An Oregon woman who contracted coronavirus while on a cruise in Japan is back home – and urging calm while stressing the importance of isolation upon diagnosis.
Rebecca Frasure, 35, returned to her Forest Grove home on Tuesday after nearly two months on the 3,700-passenger, virus-ravaged Diamond Princess, a ship quarantined in February by Japanese authorities off the port of Yokahama for two weeks after 10 passengers were initially diagnosed.
Frasure then spent almost a month at a hospital in Tokyo, where she recovered from mild symptoms such as a light cough and a slight fever while in isolation – a difficult but vital aspect of the recovery process, she told The Oregonian.
“It prevented the spread,” Frasure told the newspaper. “It was no fun, for sure, but you know, you gotta do what you gotta do.”
Frasure’s symptoms were so mild that she likely wouldn’t have been diagnosed had Japanese health officials not tested her for coronavirus. The most challenging part of her ordeal was being separated from her husband, Kent, who was quarantined on the coronavirus-stricken cruise ship, she said.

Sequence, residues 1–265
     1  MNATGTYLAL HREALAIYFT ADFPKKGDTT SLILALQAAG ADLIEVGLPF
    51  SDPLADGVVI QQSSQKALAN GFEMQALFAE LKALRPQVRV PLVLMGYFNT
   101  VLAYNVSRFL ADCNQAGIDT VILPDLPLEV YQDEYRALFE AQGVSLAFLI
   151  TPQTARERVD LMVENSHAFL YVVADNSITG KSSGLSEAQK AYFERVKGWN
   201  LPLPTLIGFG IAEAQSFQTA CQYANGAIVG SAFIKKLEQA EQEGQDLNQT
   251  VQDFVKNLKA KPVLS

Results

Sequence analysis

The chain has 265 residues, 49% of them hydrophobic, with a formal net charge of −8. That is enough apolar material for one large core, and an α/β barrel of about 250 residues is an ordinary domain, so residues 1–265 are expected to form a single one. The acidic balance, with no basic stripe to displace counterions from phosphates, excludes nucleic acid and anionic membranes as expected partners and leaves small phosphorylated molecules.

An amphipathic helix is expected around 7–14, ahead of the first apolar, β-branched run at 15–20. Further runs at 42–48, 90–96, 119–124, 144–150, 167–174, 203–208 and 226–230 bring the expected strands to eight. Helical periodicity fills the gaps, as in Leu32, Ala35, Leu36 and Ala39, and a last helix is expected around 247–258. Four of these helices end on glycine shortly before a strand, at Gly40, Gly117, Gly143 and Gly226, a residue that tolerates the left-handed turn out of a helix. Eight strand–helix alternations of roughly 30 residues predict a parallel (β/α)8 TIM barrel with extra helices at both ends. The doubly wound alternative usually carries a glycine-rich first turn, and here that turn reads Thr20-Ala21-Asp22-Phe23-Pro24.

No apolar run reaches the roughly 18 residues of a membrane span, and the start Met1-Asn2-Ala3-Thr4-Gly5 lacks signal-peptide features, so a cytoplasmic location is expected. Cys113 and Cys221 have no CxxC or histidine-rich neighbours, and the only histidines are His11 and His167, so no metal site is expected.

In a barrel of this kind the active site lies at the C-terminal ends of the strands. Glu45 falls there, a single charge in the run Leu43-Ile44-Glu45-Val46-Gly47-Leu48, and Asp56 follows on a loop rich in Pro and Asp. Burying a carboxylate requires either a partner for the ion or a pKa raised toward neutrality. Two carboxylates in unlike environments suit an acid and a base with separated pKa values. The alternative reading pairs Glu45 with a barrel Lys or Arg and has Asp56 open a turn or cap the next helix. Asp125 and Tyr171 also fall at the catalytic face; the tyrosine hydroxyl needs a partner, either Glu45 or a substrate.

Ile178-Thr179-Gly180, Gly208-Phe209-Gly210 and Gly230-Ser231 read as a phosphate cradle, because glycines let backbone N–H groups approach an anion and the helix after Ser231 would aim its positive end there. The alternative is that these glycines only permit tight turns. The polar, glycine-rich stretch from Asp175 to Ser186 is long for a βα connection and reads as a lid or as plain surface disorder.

Roughly 400 Americans were evacuated on chartered flights from the ship on Feb. 16, but Kent Frasure stayed behind with his wife, telling CNN that he wouldn’t get on a flight without his partner.
Japanese Health Minister Katsunobu Kato said at the time that 356 passengers had been diagnosed with COVID-19, including 46 hospitalized Americans like Rebecca Frasure. She was later discharged from a hospital after two consecutive tests determined she was no longer infected.
As one of the first known Americans to contract and recover from the deadly virus, Frasure is now stressing the importance of hygiene and for people to avoid public space when they’re sick – even with seemingly innocuous symptoms.
“You either approach it with fear, or you approach with courage,” Frasure said of her experience with coronavirus. “And, you know, fear is never the way to go.”
As of early Thursday, COVID-19 has sickened more than 127,800 people and killed at least 4,718 people worldwide, according to a New York Times database. The elderly and those with comprised immune systems are most susceptible to the bug. More than 1,200 cases have also been confirmed in the United States, along with 37 deaths, the newspaper reports, citing official tallies.
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